In some embodiments, the audio system further includes a display screen configured to provide visual data to a user of the audio system. In some embodiments, the processing circuitry is configured to operate the display screen to provide the audio output of the sound output device as visual data in response to at least one of the one or more properties of the environmental audio conditions.
Various embodiments disclosed herein are related to a method for adjusting audio output. In some embodiments, the method includes obtaining environmental audio from a microphone of an audio device. In some embodiments, the method includes analyzing the environmental audio to identify one or more properties of environmental audio conditions. In some embodiments, the one or more properties include an amplitude of the environmental audio within one or more particular frequency ranges. In some embodiments, the method includes adjusting an audio output based on the one or more properties of the environmental audio conditions and the amplitude of the environmental audio within the particular frequency range to account for the environmental audio conditions.
In some embodiments, the one or more properties of environmental audio conditions include at least one of an amplitude of the environmental audio, the amplitude of the environmental audio within the particular frequency range, or an arrival direction of the environmental audio relative to the audio device.
In some embodiments, the method further includes obtaining environmental audio from a first microphone of the audio device and obtaining environmental audio from a second microphone of the audio device. In some embodiments, the method includes comparing the environmental audio obtained from the first microphone to the environmental audio obtained from the second microphone to determine the arrival direction of the environmental audio relative to the audio device. In some embodiments, the first microphone is positioned a distance from the second microphone.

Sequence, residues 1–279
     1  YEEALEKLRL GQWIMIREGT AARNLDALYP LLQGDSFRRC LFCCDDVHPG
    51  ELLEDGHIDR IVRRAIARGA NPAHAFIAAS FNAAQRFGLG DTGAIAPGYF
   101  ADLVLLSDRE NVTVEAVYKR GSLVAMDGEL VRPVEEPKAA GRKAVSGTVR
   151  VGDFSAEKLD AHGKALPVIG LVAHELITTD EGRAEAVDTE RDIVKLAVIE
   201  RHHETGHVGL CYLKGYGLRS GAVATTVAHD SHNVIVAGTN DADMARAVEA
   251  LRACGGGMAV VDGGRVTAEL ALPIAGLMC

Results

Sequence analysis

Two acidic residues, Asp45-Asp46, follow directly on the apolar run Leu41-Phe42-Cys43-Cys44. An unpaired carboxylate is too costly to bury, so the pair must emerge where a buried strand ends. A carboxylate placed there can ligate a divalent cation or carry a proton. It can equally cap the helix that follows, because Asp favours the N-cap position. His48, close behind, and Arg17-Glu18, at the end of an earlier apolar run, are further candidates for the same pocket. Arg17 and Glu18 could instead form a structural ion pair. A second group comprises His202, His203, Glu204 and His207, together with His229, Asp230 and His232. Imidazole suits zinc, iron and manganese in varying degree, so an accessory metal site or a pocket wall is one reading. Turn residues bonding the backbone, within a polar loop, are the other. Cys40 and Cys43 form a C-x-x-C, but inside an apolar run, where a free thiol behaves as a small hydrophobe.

In some embodiments, the method includes performing a simulation of a virtual spatial position from which a sound originates relative to the audio system to generate the audio output. In some embodiments, the method includes adjusting the virtual spatial position from which the audio output originates based on the arrival direction of the environmental audio relative to the audio device.
In some embodiments, the method includes providing an aural notification to a user that the virtual spatial position is adjusted.
In some embodiments, the method includes using a speech synthesizer to generate the audio output. In some embodiments, the method includes adjusting the speech synthesizer based on the one or more properties of the environmental audio conditions to generate an adjusted audio output that accounts for the environmental audio conditions. In some embodiments, the method includes providing the adjusted audio output to a user.